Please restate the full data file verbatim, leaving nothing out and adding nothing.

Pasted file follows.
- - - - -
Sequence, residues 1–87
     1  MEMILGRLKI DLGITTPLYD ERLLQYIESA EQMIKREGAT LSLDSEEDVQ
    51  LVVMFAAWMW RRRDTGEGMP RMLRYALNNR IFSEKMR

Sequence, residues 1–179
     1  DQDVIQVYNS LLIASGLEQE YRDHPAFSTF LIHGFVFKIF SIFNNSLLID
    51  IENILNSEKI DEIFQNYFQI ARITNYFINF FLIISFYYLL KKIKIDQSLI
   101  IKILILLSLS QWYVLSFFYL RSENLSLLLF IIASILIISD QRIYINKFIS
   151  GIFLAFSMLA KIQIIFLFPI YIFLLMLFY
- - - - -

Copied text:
Sequence, residues 1–87
     1  MEMILGRLKI DLGITTPLYD ERLLQYIESA EQMIKREGAT LSLDSEEDVQ
    51  LVVMFAAWMW RRRDTGEGMP RMLRYALNNR IFSEKMR

Sequence, residues 1–179
     1  DQDVIQVYNS LLIASGLEQE YRDHPAFSTF LIHGFVFKIF SIFNNSLLID
    51  IENILNSEKI DEIFQNYFQI ARITNYFINF FLIISFYYLL KKIKIDQSLI
   101  IKILILLSLS QWYVLSFFYL RSENLSLLLF IIASILIISD QRIYINKFIS
   151  GIFLAFSMLA KIQIIFLFPI YIFLLMLFY